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As we count down to the end of the year we head into the holiday season, which includes lots of food, family, friends, flowers, gifts and all sorts of other things our four-footed friends can get into.

christmas dog 250pxBy knowing the hazards, you can plan appropriately and keep your entire family, including your pets, happy and safe this holiday season. Things that come into mind from first-hand experience are food, decorations, holiday plants, and trash. Let’s start with food.

Many years ago, on Christmas Eve, late at night when Santa should have been putting toys together, we had an emergency;

a nine-week old cocker spaniel puppy who had eaten a pound of dark fudge he found under the Christmas tree. We spent hours monitoring and treating his heart arrhythmias. I still remember hearing the church bells at midnight. So, no chocolate...type of chocolate, size of the pet, and amount eaten are all factors, but to be safe just avoid letting your pet get into it.

Turkey, bones, turkey skin and pan drippings all add up to a potential gastrointestinal upset. These goodies can lead to vomiting, diarrhea, bone splinters in the intestines or even pancreatitis. So my advice is you enjoy the turkey and trimmings and give your pet a treat designed specifically for them.
Next up, decorations and holiday plants. Two cases come to mind, one involving a dog and decorations; the other, two cats and seasonal plants. About three weeks before Christmas a little Shihtzu came in to be groomed. No problem, right? Well as I proceeded to groom him he began vomiting. After the third cleanup I called his owner and asked if he could have gotten into anything. The answer was no, so I said OK and proceeded with the grooming...the dog then began vomiting blood.

I immediately called the owner and recommended an exam and workup by the doctor. X-rays found circular foreign bodies identified in the stomach. Exploratory surgery was performed and we removed about 30 cents in change from the stomach but the real problem causing the acute distress was wads of tinsel extending down into the intestines that did not show up on x-rays because it was made of plastic! So, no tinsel!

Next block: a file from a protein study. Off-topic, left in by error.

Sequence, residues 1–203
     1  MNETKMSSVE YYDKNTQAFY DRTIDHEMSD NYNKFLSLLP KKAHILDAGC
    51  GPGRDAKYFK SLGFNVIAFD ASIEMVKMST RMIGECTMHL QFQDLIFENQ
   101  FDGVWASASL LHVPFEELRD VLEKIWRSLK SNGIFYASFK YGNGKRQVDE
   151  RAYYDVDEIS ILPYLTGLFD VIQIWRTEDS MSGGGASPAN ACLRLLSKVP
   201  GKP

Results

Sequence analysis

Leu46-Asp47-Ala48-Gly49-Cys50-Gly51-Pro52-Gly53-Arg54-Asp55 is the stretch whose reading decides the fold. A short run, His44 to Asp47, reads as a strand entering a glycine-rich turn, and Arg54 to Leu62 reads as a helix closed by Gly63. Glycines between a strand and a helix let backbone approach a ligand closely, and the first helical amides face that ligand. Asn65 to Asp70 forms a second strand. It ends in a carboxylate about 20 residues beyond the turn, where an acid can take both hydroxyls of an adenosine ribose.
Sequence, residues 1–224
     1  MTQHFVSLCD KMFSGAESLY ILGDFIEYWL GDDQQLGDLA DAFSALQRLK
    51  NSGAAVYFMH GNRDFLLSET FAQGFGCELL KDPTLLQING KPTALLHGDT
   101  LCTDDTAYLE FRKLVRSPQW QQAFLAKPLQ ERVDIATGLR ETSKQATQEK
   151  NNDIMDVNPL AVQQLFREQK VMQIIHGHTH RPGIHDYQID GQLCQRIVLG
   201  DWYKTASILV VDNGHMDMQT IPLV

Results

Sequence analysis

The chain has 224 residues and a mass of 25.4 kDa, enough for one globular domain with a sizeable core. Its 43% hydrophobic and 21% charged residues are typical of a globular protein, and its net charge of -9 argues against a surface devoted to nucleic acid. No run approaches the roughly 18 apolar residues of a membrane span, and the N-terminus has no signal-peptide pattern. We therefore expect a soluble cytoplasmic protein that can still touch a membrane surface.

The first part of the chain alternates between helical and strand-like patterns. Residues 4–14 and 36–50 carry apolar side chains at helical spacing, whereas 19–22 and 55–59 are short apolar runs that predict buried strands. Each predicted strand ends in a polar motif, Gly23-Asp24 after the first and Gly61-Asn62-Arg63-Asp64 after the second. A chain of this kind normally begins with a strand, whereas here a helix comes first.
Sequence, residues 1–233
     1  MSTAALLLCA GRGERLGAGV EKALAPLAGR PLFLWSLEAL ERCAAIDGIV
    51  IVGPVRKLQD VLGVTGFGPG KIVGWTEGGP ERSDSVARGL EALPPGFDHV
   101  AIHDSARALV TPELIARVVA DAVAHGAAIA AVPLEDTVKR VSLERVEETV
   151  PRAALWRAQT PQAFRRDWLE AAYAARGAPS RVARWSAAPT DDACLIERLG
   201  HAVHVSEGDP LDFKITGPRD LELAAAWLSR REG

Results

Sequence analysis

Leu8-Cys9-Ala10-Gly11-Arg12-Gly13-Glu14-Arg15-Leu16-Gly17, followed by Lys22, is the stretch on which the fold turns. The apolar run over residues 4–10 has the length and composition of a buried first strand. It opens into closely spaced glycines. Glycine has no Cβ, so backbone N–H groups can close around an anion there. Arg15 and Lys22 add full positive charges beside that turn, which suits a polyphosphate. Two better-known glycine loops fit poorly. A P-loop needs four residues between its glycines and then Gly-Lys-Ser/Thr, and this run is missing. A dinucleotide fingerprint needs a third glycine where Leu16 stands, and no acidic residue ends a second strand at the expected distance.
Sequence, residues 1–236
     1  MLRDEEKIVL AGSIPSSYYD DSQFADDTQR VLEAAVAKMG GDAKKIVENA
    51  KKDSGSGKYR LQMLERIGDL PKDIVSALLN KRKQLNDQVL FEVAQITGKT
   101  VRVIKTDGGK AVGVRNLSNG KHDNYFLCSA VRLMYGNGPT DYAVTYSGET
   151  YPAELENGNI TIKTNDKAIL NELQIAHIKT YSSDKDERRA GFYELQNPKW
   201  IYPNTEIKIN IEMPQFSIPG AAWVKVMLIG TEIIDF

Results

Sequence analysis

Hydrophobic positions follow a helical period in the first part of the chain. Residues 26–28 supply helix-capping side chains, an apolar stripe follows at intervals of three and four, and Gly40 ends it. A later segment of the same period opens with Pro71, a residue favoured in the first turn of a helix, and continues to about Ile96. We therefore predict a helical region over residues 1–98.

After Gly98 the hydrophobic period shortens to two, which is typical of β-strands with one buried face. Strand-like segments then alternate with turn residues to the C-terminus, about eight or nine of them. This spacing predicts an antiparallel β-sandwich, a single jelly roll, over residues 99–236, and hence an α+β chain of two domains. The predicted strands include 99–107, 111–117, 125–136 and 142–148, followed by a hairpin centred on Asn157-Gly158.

The case of two cats. Cat number one came in a few weeks before Christmas suffering from weight loss, lethargy, not eating and frequent urination. This cat was fairly young and had always been robust. Labwork indicated he was in acute kidney failure. We immediately consulted with the family, could he possibly have gotten into anything? The answer was no, and he was strictly an inside cat. We asked them to check the house...they did not find anything suspicious. Unfortunately, he passed away within several days.

happy pawlidays generic 250pxA week later his housemate came in with identical symptoms and unfortunately suffered the same fate. Again, we quizzed the owners and as part of the search we gave them a list of plants and holiday plants that could cause the symptoms. Bingo...they went home and found a seasonal plant that they believe both cats had chewed and eaten. So just keep in mind that the beautiful mistletoe or holly can be toxic to your pet.

Lastly, holiday cleanup. The holidays tend to generate a lot of trash, some of it very appealing to our pets. Get the trash bagged, out of the house, and into a bin that is not accessible to your pets. The trash can be a bonanza of all the things we do not want them to get into!

Have a happy, healthy, holiday season! For more extensive holiday safety tips google: Holiday Pet Safety-American Veterinary Medical Association

 

Robyn King is our Hopsital Manager here at Pet Street Station Animal Hospital. She enjoys the diversity of her job and being able to problem solve. Check out Robyn's full bio here!